Sunday, February 14, 2010

The brick sidewalks of Main Street

The sidewalks of Main Street, Alfred are currently laid with an uncommon red brick pattern. Anne Acton, a village resident, secured the grant to fund this brick-laying project. The pattern, "Symmetry" manufactured by Unilock Inc. in Buffalo, was discontinued about five years ago due to a drop in sales. Although these bricks are not quite as simple to produce as a standard brick, technology makes it plausible (Richards). However, because they were not a big seller, it was most likely impractical to produce them in small quantities. In his Stephan Richards opinion, rectilinear designs give ease to people while the diagonal lines and hexagonal shape in the Symmetry pattern can cause uneasiness. Maybe this contributed to the distaste for the pattern by Unilock's consumers. On the other hand, the bricks were laid by many local volunteers that live in the Alfred community(Mcnulty), so even if it is not the most traditional or appealing pattern to some, it does not undermine the connection, appreciation, and feeling of community that resulted from the project. Unless a similar pattern can be found with another manufacturer, the sidewalks of Alfred may look very different in the future, showcasing a more common pattern such as the Herringbone pattern, or possibly reverting back to concrete walkways.

The Symmetry pattern by Unilock consists of two elongated hexagonal bricks placed side by side, the longest edges touching, with a smaller square brick nestled between the tops of the other two, altogether creating the outline of a short pointed feather/arrow shape. The square and the long hexagon are both unusual and nontraditional brick shapes, adding to the unique quality of the pattern. The sidewalks are framed by buildings on one side and curbs on the street side. On both sides of the road, the brick stretches from the Main Street light down to the far corner of West University Street. The pattern also can be found on Church Street. There is a different brick pattern on the Alfred University campus; the walkways cut across the grounds and provide people with predetermined paths on which to travel from building to building.

One could deduce that the first brick sidewalks consisted of standard bricks made in or around Alfred from local shale, as it was an abundant resource here in the late 19th and early 20th centuries (Minard). The convenience and economy of the local clay may have influenced the town to produce the brick in the early 1900s. It is probable that the Celadon Company, established in 1889, was the company to first produce these bricks, especially if the first bricks were in fact made here in Alfred (Bouck). The most basic tools to produce brick at the time were some sort of mold/molding process, a mixer, a pug mill to remove air, and a kiln to fire the brick (Brick Unlike some bricks, there is no visible trademark on the individual bricks; they have a plain face.

The history of Alfred brick making led me to my first conclusion -- that the brick walkways have been a long kept tradition -- but after doing more research, I was surprised to find that all of the brick walkways on Main Street are less than ten years old! Furthermore, when the bricks were laid, there were no signs at all of brick pavers ever being laid here before (Mcnulty). Jim Mcnulty, a twenty-five year Alfred resident, said that before the brick went down, there were concrete sidewalks for as long as he could remember. This undermined my entire idea of the bricks having a local connection to Alfred as they were never produced here. Unilock Inc. has been the sole manufacturer of these brick walkways all along. What does this say about the locals' ideas about the authenticity of this aesthetic? Is it important that the bricks only feel connected to the history Alfred clay? Maybe the town used brick paving for practical reasons over historical clay connection. An advantage of the brick walkway is its durability and easy repair. With concrete cracked sidewalks need replacing, with asphalt roads pot-holes need patching, but with bricks smaller sections of walkway can be removed and repaired as needed, which in turn helps with costs as well. Also, the tread created by the brick and mortar combination aids pedestrians during wet days. Seeing as Alfred experiences many of these, the brick walkway is ideal for this location. Historically, brick paving was often used on roads, but the speed of cars causes the grip of the bricks to get smoothed down over time. According to Stephan Richards, in certain cities brick paving is coming back to some roads that necessitate slower moving traffic. If brick is making a comeback, then maybe Alfredians agree: Brick may be more about the aesthetic and practicality than authentic history.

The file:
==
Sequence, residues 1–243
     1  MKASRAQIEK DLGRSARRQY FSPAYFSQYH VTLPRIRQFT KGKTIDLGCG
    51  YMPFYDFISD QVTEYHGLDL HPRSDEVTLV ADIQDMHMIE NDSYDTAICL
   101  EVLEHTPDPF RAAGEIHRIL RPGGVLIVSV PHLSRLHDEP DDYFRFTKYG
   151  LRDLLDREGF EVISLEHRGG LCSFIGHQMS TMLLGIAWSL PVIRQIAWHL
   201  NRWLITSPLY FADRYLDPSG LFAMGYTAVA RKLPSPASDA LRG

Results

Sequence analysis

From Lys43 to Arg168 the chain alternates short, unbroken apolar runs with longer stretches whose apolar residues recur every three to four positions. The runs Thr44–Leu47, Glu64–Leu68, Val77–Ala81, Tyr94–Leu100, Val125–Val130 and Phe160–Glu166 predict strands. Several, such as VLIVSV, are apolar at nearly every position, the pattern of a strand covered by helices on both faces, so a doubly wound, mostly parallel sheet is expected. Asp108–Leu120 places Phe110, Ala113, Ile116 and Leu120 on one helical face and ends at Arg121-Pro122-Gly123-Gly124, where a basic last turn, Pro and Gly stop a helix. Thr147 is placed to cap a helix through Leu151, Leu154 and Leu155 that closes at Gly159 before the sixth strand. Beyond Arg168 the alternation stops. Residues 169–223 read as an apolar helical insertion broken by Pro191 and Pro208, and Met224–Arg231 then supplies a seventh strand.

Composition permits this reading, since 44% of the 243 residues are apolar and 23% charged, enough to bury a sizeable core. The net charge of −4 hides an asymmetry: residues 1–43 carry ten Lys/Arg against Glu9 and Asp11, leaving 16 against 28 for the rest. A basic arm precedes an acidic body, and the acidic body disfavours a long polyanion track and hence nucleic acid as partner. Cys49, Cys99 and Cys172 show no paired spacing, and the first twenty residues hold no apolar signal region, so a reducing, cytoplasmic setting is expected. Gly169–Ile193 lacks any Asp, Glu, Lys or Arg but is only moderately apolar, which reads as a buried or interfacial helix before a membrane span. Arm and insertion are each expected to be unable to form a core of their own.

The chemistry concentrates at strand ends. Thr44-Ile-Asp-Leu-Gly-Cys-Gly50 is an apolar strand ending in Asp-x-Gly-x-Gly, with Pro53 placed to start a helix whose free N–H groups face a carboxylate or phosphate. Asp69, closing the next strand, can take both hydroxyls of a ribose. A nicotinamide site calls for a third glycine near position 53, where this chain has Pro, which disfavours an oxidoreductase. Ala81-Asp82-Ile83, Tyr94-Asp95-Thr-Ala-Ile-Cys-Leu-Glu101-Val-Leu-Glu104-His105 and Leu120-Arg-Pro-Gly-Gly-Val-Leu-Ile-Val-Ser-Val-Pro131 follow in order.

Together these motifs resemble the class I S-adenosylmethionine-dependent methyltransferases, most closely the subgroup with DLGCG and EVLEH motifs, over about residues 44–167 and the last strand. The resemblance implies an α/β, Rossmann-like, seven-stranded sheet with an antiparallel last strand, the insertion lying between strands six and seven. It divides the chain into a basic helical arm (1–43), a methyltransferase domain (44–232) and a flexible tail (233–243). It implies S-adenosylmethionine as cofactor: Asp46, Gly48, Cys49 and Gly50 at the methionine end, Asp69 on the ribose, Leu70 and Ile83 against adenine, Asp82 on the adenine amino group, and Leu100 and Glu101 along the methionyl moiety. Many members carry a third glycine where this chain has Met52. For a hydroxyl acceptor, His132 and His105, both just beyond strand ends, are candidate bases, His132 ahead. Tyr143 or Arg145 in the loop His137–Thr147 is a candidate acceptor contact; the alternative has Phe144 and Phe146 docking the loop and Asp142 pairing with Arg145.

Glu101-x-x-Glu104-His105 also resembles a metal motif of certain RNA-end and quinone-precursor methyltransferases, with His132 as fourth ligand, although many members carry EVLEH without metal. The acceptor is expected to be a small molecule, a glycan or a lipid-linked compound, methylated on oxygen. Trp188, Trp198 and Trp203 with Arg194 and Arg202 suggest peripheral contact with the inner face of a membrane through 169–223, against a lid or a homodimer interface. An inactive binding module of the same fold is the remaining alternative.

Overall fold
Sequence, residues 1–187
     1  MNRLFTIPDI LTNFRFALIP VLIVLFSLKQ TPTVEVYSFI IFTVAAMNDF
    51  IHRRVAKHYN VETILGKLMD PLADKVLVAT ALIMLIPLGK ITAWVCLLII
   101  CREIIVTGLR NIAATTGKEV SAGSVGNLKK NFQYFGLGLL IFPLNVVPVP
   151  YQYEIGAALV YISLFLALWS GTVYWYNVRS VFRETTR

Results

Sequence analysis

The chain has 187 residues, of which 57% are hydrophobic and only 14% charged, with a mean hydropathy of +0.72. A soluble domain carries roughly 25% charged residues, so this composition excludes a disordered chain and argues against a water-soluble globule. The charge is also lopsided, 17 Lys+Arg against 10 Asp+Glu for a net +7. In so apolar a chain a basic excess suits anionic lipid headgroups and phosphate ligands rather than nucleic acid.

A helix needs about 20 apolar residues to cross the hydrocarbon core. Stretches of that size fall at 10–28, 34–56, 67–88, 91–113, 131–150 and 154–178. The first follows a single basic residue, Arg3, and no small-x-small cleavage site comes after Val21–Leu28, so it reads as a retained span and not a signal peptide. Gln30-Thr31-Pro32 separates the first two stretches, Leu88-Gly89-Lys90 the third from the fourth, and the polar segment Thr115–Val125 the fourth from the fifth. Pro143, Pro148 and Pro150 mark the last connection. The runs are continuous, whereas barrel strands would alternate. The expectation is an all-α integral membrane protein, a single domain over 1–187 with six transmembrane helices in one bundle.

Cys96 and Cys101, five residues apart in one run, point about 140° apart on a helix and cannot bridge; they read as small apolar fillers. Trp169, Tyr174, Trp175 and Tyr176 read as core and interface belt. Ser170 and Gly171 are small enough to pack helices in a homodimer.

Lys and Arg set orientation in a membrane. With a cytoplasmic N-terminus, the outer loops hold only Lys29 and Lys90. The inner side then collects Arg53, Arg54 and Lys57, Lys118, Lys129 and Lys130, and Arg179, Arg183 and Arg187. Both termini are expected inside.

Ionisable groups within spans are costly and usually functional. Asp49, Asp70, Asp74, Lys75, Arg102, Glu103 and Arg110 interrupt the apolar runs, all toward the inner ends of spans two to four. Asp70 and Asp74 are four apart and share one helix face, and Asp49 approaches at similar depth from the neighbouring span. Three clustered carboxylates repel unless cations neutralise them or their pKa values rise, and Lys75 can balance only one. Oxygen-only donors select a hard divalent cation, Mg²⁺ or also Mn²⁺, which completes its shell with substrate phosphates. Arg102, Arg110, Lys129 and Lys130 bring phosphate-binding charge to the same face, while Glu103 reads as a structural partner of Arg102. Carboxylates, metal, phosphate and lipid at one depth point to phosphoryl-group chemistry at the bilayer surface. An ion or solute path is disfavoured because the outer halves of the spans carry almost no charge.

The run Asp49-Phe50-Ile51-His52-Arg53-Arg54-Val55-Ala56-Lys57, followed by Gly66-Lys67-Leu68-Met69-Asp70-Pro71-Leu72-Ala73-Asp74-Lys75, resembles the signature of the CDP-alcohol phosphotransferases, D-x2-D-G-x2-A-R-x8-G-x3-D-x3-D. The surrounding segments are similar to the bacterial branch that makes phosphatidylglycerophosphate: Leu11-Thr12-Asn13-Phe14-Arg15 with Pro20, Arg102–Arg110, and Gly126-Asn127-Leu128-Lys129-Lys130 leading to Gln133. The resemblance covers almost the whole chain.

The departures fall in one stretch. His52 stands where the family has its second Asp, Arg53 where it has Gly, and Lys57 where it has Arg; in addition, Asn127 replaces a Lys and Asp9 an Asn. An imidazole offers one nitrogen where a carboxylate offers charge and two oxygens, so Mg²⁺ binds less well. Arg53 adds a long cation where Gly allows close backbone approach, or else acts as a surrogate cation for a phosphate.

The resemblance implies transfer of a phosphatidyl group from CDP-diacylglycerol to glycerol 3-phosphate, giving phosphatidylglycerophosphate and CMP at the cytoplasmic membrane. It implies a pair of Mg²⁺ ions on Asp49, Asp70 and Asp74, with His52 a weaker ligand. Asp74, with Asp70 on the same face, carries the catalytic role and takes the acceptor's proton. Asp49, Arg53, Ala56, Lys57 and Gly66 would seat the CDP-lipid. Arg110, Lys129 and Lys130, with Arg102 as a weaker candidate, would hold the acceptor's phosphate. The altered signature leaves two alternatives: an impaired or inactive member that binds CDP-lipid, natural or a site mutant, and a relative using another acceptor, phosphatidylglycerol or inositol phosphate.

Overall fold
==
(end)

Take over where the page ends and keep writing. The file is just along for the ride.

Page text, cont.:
Bouck, Warren L. M.D. "The Celadon Terra Cotta Co." Herrick Memorial Library. 14 Feb. 2010 .

Brick Ads by Google. 14 Feb. 2010 .

Mcnulty, Jim. Village road master and 25 year resident.

Minard, John S. History of Alfred, New York: A Centennial Memorial. W. A. Fergusson & Co., Alfred, NY 1896. 14 Feb. 2010 .

Richards, Stephan. Assistant professor of Masonry Building Trades at Alfred State College school of Applied Technology and local resident.

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